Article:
By The Way, Terrorists ARE Being Held In US

By The Way, Terrorists ARE Being Held In US


The logic of how we’ve handled terrorism and terrorists in the post 9/11 world has always been flawed, but one of the more obviously incorrect arguments has been the claim that we don’t want these people serving time on American soil.

Why? Not sure really. We just don’t. They’re incredibly, crazy dangerous for some reason and can’t be here.

Of course this ignores the fact that we’ve held numerous terrorists here before, both foreign and homegrown, and nothing has happened as a result.

Which is why the following story is important to note.

From Wash Post:

Thirty-three international terrorists, many with ties to al-Qaeda, reside in a single federal prison in Florence, Colo., with little public notice.

Detained in the supermax facility in Colorado are Ramzi Yousef, who headed the group that carried out the first bombing of the World Trade Center in February 1993; Zacarias Moussaoui, convicted of conspiring in the terrorist attacks of Sept. 11, 2001; Ahmed Ressam, of the Dec. 31, 1999, Los Angeles airport millennium attack plots; Ahmed Omar Abu Ali, conspirator in several plots, including one to assassinate President George W. Bush; and Wadih el-Hage, convicted of the 1998 bombing of the U.S. Embassy in Kenya.

Inmates in Florence and those at the maximum-security disciplinary barracks at Fort Leavenworth, Kan., rarely see other prisoners. At Leavenworth, the toughest prisoners are allowed outside their cells only one hour a day when they are moved with their legs shackled and accompanied by three guards.

“We have a vast amount of experience in how to judge the continued incarceration of highly dangerous prisoners, since we do this with thousands of prisoners every month, all over the United States, including some really quite dangerous people,” Philip D. Zelikow, who was counselor to Bush administration Secretary of State Condoleezza Rice and executive director of the 9/11 Commission, told the Senate Judiciary Committee last week.

That’s right. One of the people behind 9/11 is in Colorado.

Also, let’s just say that we captured Bin Laden. You’re telling me we wouldn’t want to put him to death on US soil?

Just make sure you remember all of this when you’re arguing that these folks shouldn’t be held in the US. Because I want to hear good reasons, not just the notion that they’re somehow extra, super, insanely dangerous.

  • J. Harden

    This is a good point Justin.

    Equally interesting would be to ask Ramzi Yousef if he would rather be in Gitmo or the super-max facility in Colorado. Which one do you think is more humane?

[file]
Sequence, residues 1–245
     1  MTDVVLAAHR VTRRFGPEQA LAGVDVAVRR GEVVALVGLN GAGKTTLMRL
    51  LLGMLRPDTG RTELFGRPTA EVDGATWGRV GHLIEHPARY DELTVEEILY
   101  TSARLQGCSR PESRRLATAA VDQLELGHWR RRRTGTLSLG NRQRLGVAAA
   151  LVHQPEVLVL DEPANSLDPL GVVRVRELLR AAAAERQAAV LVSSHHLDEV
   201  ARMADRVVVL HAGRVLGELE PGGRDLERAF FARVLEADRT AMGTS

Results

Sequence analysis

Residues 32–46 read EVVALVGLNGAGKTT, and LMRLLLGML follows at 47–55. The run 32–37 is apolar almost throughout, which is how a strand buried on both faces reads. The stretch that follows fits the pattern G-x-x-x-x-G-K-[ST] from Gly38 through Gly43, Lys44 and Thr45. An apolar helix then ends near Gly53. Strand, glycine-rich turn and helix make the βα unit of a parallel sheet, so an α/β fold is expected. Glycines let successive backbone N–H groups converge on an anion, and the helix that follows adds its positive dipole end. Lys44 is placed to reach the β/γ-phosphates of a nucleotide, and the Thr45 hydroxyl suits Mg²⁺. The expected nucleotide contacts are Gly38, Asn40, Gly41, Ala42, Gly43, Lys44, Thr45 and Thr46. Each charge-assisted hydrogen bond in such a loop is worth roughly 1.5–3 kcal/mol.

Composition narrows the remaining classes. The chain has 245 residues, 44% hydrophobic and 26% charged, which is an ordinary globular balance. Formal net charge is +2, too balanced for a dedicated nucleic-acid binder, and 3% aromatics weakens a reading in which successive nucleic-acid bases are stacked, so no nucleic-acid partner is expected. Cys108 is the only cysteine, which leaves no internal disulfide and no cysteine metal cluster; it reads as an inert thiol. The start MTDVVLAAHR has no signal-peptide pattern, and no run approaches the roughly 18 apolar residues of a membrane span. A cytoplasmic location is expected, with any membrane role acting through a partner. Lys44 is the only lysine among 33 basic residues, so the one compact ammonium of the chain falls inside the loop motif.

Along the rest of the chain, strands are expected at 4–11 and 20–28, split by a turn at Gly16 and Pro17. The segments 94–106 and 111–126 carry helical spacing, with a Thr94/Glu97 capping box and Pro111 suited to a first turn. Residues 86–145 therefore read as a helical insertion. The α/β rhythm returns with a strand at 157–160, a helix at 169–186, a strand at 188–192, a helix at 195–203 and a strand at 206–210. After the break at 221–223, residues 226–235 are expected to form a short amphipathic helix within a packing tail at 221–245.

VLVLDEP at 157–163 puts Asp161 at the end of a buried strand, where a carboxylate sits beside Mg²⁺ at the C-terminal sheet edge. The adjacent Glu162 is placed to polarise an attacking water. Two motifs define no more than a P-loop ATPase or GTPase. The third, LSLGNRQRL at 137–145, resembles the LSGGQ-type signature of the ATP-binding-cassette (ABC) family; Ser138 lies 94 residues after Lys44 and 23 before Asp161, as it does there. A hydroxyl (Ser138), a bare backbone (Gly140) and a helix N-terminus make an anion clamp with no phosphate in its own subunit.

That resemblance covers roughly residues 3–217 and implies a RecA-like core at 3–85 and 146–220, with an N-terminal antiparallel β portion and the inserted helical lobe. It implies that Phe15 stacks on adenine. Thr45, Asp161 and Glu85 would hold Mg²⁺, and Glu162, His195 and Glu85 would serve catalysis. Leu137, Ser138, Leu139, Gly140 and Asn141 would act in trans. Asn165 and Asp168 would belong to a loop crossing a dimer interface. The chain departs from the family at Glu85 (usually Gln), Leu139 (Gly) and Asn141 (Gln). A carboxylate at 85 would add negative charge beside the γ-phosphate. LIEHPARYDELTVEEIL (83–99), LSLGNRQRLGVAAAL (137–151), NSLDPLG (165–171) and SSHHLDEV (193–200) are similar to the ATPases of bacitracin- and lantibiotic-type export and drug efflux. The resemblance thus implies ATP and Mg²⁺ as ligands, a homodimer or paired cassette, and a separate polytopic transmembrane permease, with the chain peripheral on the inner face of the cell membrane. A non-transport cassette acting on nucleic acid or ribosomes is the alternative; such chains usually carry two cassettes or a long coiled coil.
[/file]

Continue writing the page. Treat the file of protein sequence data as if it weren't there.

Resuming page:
The irony of this policy of bring terrorists onto US soil is that Gitmo looks like a pleasant day in the park compared to super-max or in fact any maximum security prison the US.

  • kranky kritter


    The ones in US Prisons are convicted criminals.

    The ones in Gitmo have been detained because we think they are dangerous. Not convicted.They’re in a different justice system, one where they don’t get civil due process.

    They can go into US prisons if they get convicted of something after receiving due process. One can make an argument that they deserve that due process, but they are not automatically entitled to it legally, regardless of all the “should” arguments the ACLU can muster.

    Here’s the rub, folks. Face it. If these folks get civil due process, some of them will get released. Among those, many already bore malice towards us and some have already done bad things we can’t prove. If released, #1 we look like idiots to all the people worldwide who KNOW these guys viewpoints and deeds. And more importantly and #2, they likely do and organize more bad things.

    So the upside is all philosophical and the downside is all concrete, measured in jihadists and lives. Not making any argument one way or the other, just laying it all out so we can all see it.

  • Chris

    I would say we deserve that malice. So either give them a trial, kill them, or let them go.

  • Rob

    What about the ones that actually are innocent?

  • the Word

    At one point they reported 70% of those at Abu Gharaib were not guilty. Just curious how an innocent person who was humiliated and tortured would come out of that experience.